Exploring soluble urokinase plasminogen activator receptor and its relationship with arterial stiffness in a bi–ethnic population: the SAfrEIC–study
Schutte, Aletta E.
Olsen, Michael H.
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Introduction: Elevated soluble urokinase-type plasminogen activator receptor (suPAR) indicates an inflammatory state caused by conditions such as HIV and cancer. Recently suPARwas identified as an indicator of cardiovascular disease (CVD). CVD is highly prevalent in black South Africans, but the potential role of suPAR is unknown. We investigated suPAR as a possible marker of arterial stiffness in Africans and Caucasians. Methods: This study involved 207 Africans and 314 Caucasians (aged 20–70 yrs). C-reactive protein (CRP) and suPAR were determined in fasting blood samples. We measured blood pressure, pulse wave velocity (PWV) and Windkessel arterial compliance (Cwk). Results: Africans displayed higher suPAR, CRP, PWV and lower Cwk (pb0.001) compared to Caucasians. SuPAR was elevated in Africans irrespective of gender and smoking. We found strong relationships between PWV and suPAR (r=0.27; pb0.001) and Cwk and suPAR (r=−0.39; pb0.001) in the whole group, but found no independent relationship of any arterial stiffness measure and suPAR in Africans after adjustment for confounders. Caucasian men indicated a weak significant independent association between Cwk and suPAR (β=−0.09; p=0.028). Conclusion: Africans had higher levels of suPAR and arterial stiffness than Caucasians (pb0.001), but there was no independent relationship between arterial stiffness and suPAR in the Africans. It is speculated that due to the inflammatory role of suPAR, it will have stronger relationships with atherosclerosis, which has not yet manifested in this relatively young population group. SuPAR may therefore not be an ideal earlymarker of cardiovascular dysfunction, but may rather indicate established CVD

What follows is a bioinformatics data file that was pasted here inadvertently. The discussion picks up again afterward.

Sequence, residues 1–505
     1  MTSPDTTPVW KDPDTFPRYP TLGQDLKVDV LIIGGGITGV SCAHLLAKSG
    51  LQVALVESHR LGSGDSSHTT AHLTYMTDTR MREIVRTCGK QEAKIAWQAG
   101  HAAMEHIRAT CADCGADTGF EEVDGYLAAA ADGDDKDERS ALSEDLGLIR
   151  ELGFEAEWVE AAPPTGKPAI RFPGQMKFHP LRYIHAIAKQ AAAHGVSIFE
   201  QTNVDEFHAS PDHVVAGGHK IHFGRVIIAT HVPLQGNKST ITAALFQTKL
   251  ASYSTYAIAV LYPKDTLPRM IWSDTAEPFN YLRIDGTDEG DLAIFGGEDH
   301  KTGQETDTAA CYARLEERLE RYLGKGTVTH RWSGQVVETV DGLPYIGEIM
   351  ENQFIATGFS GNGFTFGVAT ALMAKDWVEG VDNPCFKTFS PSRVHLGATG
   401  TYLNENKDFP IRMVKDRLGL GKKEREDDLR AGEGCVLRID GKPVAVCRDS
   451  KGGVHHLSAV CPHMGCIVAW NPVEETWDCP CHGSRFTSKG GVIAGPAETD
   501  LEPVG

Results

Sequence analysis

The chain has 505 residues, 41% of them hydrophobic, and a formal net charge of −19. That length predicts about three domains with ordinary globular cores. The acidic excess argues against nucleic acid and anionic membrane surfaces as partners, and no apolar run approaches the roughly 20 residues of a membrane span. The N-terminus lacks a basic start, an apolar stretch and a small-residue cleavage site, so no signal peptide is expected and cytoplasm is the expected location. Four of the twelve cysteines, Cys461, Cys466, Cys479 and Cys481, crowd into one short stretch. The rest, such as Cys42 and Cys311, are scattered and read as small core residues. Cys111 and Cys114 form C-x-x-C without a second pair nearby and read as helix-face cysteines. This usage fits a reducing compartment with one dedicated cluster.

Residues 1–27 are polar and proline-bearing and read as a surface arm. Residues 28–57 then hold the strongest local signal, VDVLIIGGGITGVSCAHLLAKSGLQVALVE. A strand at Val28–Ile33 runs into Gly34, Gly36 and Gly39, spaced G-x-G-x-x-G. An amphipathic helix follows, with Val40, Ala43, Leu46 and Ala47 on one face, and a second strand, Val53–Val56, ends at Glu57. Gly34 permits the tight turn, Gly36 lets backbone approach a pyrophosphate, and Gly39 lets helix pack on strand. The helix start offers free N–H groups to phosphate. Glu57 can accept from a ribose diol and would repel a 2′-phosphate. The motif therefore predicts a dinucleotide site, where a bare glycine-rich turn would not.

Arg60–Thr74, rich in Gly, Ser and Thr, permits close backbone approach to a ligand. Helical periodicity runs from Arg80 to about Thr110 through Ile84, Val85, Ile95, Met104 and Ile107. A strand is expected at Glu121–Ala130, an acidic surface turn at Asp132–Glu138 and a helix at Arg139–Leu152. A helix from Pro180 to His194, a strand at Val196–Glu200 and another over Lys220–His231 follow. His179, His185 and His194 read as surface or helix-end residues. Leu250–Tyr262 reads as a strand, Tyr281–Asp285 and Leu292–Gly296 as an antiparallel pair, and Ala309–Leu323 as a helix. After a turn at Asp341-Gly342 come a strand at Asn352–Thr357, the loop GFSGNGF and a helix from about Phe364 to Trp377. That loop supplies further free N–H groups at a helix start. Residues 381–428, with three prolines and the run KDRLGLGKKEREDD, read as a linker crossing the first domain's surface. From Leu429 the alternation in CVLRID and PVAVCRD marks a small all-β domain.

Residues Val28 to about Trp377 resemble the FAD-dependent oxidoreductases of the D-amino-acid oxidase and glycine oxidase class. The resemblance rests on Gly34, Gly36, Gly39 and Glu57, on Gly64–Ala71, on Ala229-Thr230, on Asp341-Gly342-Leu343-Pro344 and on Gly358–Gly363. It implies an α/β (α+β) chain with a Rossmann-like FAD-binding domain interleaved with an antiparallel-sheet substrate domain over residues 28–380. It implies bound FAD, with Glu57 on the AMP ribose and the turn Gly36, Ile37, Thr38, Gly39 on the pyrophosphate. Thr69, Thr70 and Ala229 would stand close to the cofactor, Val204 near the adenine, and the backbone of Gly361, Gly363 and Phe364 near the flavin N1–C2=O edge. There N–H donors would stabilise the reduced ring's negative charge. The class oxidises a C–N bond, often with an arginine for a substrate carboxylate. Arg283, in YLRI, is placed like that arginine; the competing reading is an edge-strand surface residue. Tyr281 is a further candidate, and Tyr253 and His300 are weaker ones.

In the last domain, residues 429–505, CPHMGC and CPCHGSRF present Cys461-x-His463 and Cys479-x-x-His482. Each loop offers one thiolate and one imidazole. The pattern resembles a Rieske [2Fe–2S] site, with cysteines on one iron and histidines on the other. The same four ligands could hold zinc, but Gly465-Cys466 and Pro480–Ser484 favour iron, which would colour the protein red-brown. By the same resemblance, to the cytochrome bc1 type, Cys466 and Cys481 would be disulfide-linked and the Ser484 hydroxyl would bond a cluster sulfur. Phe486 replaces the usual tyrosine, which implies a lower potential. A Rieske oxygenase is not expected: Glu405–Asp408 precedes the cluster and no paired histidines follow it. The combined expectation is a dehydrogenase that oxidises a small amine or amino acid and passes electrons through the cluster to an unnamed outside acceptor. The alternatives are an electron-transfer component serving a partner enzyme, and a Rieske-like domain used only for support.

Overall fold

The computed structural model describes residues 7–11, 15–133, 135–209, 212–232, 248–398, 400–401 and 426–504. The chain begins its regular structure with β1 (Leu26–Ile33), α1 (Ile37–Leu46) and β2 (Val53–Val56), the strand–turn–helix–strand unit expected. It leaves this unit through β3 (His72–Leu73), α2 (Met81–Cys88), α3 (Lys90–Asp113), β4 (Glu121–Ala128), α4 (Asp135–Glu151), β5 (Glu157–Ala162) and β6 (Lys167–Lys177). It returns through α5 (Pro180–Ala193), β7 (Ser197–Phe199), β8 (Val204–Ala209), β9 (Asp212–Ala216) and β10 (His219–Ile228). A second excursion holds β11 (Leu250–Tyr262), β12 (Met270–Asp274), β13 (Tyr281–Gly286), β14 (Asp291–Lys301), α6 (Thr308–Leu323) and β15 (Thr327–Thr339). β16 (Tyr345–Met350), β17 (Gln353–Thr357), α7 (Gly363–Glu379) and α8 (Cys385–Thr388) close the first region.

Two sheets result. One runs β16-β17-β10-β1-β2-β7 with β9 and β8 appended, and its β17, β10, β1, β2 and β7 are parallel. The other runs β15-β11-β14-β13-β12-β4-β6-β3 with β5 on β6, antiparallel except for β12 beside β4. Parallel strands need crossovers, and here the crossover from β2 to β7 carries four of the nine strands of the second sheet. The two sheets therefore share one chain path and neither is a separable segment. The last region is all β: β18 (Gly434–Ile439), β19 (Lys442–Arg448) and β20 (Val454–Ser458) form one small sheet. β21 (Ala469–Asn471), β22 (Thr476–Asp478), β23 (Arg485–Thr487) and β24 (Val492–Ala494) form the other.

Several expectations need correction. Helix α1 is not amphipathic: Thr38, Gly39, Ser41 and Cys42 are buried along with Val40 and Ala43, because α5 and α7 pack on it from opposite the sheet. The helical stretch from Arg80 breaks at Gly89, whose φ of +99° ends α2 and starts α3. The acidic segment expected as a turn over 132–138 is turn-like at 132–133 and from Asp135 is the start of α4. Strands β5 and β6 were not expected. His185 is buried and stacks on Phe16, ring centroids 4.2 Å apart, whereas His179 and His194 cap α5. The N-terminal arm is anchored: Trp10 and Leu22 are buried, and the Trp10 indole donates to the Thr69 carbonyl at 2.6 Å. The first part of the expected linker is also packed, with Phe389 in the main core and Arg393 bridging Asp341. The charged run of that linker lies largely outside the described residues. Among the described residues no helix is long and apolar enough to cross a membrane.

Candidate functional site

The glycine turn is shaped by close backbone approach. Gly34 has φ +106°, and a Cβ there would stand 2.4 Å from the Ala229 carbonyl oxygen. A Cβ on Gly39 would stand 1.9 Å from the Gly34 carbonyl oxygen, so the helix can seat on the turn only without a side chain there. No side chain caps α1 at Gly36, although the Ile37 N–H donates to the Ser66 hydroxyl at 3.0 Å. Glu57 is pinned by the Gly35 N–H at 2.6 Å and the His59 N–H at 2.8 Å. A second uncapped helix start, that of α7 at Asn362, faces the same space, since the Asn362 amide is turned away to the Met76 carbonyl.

- Faculty of Health Sciences